The Jesuit order was responsible for founding colleges throughout Europe (and later the Americas), which trained students in classical studies, sciences, and theology. These colleges set the precedent to the well-rounded, four-year liberal arts education stressed in colleges to this day. Schools were important to the early Society of Jesus for a few reasons. They were most importantly a way of countering the Protestant criticism of incompetence and corruption in church leaders by training more effective and honest priests. In addition, they served to keep the Society of Jesus alive through both the immediate revenue generated through tuition fees and the ability to attract donors wealthy enough to enroll their children in Jesuit schools.

Finally, in an attempt to make up for the church’s seemingly unstoppable losses to Protestantism in Europe, the Jesuits began an aggressive campaign to convert non-Christians around the world to Catholicism through missionary work. They traveled the globe, converting people in nearly every part of the world, a point of pride that ultimately helped create a surprising level of zeal and excitement among Catholics following the Counter-reformation; a zeal which would later be called the “Church Triumphant.”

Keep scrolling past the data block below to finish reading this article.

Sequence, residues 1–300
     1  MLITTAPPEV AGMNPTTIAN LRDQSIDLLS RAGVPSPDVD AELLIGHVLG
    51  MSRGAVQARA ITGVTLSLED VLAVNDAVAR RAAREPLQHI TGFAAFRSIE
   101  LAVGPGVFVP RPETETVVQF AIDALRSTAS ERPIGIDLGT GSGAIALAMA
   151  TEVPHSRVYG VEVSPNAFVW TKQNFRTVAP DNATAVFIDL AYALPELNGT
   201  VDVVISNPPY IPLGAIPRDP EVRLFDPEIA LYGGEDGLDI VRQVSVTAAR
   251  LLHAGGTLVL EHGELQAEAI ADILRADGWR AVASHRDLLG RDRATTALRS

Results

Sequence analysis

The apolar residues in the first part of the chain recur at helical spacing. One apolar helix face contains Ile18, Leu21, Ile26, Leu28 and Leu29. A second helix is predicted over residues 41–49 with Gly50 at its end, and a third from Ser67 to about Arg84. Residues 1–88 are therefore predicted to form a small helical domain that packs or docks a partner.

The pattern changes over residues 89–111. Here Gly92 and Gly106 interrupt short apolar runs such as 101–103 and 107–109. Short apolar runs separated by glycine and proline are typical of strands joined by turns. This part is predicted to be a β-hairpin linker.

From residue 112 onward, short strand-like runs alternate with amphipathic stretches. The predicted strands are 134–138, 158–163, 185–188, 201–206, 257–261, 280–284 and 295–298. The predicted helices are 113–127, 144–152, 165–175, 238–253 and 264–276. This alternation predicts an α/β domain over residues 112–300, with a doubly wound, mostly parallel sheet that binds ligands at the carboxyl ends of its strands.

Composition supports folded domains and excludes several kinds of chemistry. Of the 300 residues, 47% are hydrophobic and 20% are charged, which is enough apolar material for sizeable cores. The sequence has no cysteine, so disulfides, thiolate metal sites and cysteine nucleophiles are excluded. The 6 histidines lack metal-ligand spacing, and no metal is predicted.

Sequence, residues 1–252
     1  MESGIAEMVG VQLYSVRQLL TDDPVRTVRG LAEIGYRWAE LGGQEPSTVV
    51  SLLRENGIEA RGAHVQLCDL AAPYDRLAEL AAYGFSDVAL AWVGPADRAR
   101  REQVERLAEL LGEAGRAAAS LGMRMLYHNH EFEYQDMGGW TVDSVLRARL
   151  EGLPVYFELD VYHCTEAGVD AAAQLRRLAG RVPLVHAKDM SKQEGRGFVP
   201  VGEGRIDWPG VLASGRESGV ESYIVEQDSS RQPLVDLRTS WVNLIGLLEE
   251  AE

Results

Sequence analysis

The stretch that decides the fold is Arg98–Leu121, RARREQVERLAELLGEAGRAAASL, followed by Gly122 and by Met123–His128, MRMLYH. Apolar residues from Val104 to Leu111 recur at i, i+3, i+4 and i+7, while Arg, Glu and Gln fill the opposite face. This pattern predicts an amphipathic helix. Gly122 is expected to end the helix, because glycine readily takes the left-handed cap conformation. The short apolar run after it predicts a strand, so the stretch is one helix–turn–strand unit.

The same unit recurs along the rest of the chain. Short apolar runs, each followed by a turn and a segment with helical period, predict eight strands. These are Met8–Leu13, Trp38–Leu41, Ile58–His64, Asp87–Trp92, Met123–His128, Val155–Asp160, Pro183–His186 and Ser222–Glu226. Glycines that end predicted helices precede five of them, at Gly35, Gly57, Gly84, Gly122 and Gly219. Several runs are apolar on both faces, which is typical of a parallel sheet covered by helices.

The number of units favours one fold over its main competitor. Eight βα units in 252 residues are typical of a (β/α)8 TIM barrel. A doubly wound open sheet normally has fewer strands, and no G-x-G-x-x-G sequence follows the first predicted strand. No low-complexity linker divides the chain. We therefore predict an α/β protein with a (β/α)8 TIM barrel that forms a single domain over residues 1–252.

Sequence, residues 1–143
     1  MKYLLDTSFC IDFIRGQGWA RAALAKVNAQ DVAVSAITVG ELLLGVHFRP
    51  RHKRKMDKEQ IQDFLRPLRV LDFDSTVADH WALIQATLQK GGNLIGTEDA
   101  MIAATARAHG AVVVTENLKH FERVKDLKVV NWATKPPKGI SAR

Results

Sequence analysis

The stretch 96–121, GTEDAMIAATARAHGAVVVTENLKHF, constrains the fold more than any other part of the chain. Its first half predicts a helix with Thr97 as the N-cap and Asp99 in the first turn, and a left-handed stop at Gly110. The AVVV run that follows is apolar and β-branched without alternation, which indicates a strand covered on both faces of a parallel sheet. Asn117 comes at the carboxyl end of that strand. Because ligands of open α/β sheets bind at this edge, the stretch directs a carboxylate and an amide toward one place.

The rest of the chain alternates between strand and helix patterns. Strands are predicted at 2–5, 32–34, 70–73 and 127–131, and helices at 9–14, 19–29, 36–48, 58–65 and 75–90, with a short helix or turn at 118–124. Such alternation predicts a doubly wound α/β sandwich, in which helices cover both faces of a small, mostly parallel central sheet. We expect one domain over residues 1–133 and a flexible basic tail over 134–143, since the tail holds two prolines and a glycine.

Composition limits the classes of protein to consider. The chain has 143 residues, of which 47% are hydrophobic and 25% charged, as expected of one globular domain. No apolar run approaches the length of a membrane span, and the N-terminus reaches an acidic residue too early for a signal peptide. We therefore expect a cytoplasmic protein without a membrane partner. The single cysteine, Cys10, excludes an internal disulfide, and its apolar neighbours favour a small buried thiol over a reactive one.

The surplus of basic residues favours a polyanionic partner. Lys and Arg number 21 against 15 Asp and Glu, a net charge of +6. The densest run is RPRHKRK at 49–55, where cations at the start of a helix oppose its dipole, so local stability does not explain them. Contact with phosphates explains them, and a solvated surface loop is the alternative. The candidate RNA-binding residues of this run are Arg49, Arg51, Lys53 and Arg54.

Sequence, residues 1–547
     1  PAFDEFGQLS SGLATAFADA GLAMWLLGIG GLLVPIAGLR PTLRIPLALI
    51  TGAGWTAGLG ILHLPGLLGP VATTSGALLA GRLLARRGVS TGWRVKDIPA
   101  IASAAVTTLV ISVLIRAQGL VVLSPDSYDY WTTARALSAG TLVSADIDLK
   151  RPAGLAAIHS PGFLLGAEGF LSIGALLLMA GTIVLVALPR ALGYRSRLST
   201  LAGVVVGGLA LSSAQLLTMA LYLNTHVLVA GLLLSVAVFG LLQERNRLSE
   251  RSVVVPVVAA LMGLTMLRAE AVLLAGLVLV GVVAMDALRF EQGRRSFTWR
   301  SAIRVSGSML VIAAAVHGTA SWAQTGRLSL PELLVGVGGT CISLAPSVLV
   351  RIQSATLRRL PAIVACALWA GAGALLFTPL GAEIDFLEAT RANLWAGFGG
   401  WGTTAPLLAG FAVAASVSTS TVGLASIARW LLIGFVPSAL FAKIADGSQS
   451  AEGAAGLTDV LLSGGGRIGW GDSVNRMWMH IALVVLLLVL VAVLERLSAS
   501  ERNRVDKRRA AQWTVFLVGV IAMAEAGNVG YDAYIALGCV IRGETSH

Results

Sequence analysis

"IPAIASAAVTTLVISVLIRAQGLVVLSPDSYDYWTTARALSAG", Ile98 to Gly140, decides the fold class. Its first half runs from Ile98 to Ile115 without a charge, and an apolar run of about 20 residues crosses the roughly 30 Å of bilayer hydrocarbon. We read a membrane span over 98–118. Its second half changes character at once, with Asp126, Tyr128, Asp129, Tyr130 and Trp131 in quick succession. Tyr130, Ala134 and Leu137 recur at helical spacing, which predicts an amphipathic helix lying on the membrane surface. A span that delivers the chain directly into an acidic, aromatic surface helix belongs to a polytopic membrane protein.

We see all three of these goals incorporated into Jesuit art and architecture through a number of mechanisms. To attract Christians away from Protestantism, Jesuit art tended to glorify those Catholic beliefs rejected or downplayed by Protestants such as sainthood, angels, and transubstantiation of the Euchrist. These images tended to oppose the simplicity of Protestant art through the use of Baroque techniques such as movement, bright colors, emotion, and perspective. However, it is important to note that there were a number of other forces at work as well. To the Jesuit order, art’s primary goal was to further the Catholic faith. They saw art as useful as an aid to prayer as well as an agent of propaganda. Because art and architecture were tools of propaganda, the Jesuits sought to adapt them (acceptably, according to doctrine) to the communities in which they lived, so to better appeal to new populations. The Jesuits avoided any central church design as an inspiration for new churches. This meant there would be no official way to impose uniformity in their art or architecture. However, as the first major Jesuit church, Il Gesu still managed to set de facto trends for future Jesuit architecture.